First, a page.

Table of Contents Author Guidelines Submit a Manuscript
Veterinary Medicine International
Volume 2015, Article ID 614690, 19 pages
http://dx.doi.org/10.1155/2015/614690
Research Article

Elephant (Elephas maximus) Health and Management in Asia: Variations in Veterinary Perspectives

1P.O. Box 2786, Loveland, CO 80539-2786, USA
2University of Alabama at Birmingham, Birmingham, AL, USA
3Riddle’s Elephant and Wildlife Sanctuary, AR, USA
4Elephant Health Care Program (EHCP) of the Veterinary Society for Sumatran Wildlife Conservation (Vesswic), Sumatra, Indonesia
5William H. Darr School of Agriculture, Missouri State University, Springfield, MO, USA
6Ringling Bros. Center for Elephant Conservation, Polk City, FL, USA
7University of North Texas Health Science Center, Fort Worth, TX, USA

Received 28 February 2014; Revised 9 September 2014; Accepted 15 September 2014

Academic Editor: Lorraine M. Sordillo

Copyright © 2015 David Miller et al. This is an open access article distributed under the Creative Commons Attribution License, which permits unrestricted use, distribution, and reproduction in any medium, provided the original work is properly cited.

Abstract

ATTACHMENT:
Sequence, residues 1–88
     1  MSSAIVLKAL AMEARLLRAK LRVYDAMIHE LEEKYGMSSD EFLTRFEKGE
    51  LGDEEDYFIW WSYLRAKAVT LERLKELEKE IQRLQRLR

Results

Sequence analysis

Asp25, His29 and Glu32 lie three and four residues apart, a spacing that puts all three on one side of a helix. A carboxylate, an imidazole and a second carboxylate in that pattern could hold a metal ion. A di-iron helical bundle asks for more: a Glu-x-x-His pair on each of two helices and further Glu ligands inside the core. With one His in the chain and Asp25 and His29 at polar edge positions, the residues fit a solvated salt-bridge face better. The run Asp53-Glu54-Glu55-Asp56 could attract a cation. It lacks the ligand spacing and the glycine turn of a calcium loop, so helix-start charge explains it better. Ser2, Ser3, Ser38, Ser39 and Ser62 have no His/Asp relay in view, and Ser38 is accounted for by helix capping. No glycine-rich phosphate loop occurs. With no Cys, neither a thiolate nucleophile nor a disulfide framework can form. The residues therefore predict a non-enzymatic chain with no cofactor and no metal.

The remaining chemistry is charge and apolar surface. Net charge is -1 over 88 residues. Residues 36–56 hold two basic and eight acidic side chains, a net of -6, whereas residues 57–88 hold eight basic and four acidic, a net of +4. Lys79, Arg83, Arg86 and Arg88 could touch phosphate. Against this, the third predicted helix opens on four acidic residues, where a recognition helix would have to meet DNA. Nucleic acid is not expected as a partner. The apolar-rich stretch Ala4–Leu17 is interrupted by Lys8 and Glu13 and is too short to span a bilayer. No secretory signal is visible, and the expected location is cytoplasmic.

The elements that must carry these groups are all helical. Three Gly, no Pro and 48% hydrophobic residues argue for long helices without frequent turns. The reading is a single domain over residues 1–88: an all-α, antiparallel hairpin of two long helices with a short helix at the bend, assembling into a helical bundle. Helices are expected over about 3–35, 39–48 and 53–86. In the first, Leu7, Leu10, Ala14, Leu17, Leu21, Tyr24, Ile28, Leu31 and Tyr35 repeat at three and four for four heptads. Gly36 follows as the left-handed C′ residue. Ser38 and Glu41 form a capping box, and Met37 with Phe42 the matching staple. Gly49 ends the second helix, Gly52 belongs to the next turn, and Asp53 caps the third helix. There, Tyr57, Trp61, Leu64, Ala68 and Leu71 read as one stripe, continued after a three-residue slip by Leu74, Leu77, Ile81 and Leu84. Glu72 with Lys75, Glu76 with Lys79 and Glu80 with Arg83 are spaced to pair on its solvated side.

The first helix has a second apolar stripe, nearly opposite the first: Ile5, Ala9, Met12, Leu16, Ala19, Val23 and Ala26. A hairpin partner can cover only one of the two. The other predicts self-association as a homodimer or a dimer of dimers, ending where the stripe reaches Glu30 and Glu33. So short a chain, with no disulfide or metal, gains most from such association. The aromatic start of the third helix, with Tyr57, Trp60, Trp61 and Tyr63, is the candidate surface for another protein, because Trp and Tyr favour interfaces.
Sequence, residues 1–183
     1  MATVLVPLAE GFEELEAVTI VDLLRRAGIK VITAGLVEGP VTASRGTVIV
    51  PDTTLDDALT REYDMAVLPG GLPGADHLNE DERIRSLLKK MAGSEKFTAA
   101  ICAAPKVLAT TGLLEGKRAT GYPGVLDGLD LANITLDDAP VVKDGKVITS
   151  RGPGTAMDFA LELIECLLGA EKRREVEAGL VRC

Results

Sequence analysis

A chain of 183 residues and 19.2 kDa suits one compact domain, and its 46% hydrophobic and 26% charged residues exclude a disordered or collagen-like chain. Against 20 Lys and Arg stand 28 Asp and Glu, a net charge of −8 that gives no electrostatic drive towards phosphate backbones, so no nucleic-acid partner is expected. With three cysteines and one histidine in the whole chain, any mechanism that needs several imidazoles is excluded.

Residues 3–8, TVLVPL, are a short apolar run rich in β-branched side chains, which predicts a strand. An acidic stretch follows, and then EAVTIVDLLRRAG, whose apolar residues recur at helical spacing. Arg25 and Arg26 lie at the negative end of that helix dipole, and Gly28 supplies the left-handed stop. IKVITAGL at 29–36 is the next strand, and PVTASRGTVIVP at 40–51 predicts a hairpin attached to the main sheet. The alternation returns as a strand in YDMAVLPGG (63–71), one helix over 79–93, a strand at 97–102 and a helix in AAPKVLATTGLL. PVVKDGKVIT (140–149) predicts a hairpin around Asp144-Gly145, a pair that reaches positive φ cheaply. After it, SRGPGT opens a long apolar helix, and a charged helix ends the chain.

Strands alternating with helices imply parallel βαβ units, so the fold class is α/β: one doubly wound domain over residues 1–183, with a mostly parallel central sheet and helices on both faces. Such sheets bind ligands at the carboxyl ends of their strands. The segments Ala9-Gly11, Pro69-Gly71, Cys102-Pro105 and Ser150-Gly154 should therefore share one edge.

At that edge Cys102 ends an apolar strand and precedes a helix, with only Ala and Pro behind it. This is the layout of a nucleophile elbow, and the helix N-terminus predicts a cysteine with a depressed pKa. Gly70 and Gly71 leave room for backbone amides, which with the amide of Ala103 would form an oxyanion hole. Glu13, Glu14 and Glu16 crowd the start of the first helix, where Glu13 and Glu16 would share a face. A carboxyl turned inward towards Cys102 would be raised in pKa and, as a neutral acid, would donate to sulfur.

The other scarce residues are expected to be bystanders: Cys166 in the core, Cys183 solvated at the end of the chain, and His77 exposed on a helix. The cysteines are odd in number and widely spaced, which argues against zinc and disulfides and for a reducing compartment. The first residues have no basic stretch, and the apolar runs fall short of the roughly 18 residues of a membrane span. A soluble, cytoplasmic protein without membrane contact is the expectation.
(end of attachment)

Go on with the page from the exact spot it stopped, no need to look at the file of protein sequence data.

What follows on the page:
There is a need to identify strategic investments in Asian elephant (Elephas maximus) health that will yield maximal benefits for overall elephant health and conservation. As an exploratory first step, a survey was administered to veterinarians from Asian elephant range countries at a workshop and via email to help prioritize health-related concerns that will mostly benefit elephants. Responses were received from 45 veterinarians from eight countries that had a range of experience with captive and wild elephants. The occurrence of medical conditions and responses to treatment varied among responses. However, injuries, parasitism, and gastrointestinal disease were reported as the most common syndromes responsible for elephant morbidity, whereas injury and infectious disease not due to parasitism were the most commonly reported sources of elephant mortality. Substandard nutrition, water quality and quantity deficiencies, and inadequate or absent shelter were among the factors listed as barriers to optimal elephant health. While this survey’s results do not support definitive conclusions, they can be used to identify where and how subsequent investigations should be directed. Rigorous assessment of the relative costs and benefits of available options is required to ensure that investments in individual and population health yield the maximal benefits for elephants.